Gottfried Wilhelm Leibnitz (1646 - 1716)
Drôle de pensée
The German philosopher and mathematician Gottfried Wilhelm von Leibniz, b. July 1, 1646, d. Nov. 14, 1716,
was a universal genius and a founder of modern science. Leibniz was born in Leipzig and educated at the
universities of Leipzig, Jena, and Altdorf. Beginning in 1666,
the year in which he was awarded a doctorate in law, he served Johann Philipp von Schönborn, archbishop elector
of Mainz, in a variety of legal, political, and diplomatic capacities. In 1673,
when the elector's reign ended, Leibniz went to Paris. He remained there for three years and also visited Amsterdam
and London, devoting his time to the study of mathematics, science, and philosophy. In Amsterdam he met
Benedict Spinoza and discussed with him some of his writings. From 1676 until his death,
Leibniz served the Brunswick family in Hanover as librarian, judge, and minister.
After 1686 he served primarily as historian, preparing a genealogy of the Hanovers based on the critical
examination of primary source materials. In search of sources, he traveled to Austria and Italy from 1687
to 1690. In his later years, Leibniz attempted to build an institutional framework for the sciences in central Europe
and Russia. At his urging, the Brandenburg Society (Berlin Academy of Science) was founded in 1700. He met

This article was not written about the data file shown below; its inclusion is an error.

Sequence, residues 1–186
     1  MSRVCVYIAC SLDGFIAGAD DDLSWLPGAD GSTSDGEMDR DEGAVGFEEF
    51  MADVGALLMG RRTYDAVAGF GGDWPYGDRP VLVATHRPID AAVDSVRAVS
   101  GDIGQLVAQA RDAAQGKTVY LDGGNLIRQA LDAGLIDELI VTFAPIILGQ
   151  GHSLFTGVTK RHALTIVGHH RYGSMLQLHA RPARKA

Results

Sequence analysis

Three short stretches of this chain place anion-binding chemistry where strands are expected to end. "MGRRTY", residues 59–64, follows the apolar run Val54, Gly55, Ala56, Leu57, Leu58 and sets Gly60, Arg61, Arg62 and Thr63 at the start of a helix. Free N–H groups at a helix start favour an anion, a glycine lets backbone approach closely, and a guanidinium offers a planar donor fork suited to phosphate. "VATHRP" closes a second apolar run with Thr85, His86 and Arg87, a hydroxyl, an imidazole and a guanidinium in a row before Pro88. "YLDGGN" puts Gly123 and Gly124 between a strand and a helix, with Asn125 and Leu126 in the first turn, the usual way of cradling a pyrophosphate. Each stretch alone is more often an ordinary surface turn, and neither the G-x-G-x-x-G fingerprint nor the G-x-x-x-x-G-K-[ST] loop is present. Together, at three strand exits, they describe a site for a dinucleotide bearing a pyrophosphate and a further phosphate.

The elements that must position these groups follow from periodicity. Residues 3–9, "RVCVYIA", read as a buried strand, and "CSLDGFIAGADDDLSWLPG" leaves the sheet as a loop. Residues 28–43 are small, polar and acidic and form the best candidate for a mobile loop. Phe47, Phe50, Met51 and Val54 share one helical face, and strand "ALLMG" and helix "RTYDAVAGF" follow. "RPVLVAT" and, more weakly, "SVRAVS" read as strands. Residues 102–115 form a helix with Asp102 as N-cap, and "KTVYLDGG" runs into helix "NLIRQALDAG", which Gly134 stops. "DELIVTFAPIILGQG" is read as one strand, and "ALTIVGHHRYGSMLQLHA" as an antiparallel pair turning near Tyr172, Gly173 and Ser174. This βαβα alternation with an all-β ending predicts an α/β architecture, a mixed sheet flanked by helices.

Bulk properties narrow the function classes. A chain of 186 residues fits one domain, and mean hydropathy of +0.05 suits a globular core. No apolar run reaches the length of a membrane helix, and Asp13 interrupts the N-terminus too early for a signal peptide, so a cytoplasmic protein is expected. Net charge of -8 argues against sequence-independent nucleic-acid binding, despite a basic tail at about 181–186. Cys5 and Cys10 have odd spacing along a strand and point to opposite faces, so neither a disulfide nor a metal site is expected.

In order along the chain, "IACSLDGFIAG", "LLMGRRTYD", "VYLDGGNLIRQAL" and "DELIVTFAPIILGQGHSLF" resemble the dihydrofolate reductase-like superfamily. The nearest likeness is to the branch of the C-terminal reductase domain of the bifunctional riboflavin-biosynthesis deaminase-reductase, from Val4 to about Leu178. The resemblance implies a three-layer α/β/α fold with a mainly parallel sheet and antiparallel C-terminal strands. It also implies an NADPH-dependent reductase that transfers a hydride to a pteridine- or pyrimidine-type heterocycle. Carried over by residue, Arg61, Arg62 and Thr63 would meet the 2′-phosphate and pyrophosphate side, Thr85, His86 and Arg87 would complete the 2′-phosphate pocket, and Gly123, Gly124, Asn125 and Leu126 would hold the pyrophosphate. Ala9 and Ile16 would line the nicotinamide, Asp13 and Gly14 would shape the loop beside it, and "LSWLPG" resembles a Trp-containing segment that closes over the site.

several times with Peter the Great to recommend educational reforms in Russia and proposed what became the
St. Petersburg Academy of Science.
Leibniz was a first-class mathematician and scientist. His contribution in mathematics was to discover, in 1675, the fundamental principles of infinitesimal calculus. This discovery was arrived at independently of the discoveries of the English scientist Sir Isaac Newton, whose system of calculus was invented in 1666. Leibniz's system was published in 1684, Newton's in 1687, and the method of notation devised by Leibniz was universally adopted. In 1672 he also invented a calculating machine capable of multiplying, dividing, and extracting square roots. Leibniz was also an excellent philosopher whose metaphysical system is peculiarly interesting in that it can be interpreted as a system of logical doctrines. His positions were drawn from science, logic, and metaphysics, and he believed that his "new principle, pre-established harmony," was proved in all these disciplines, as well as in religious and moral theory.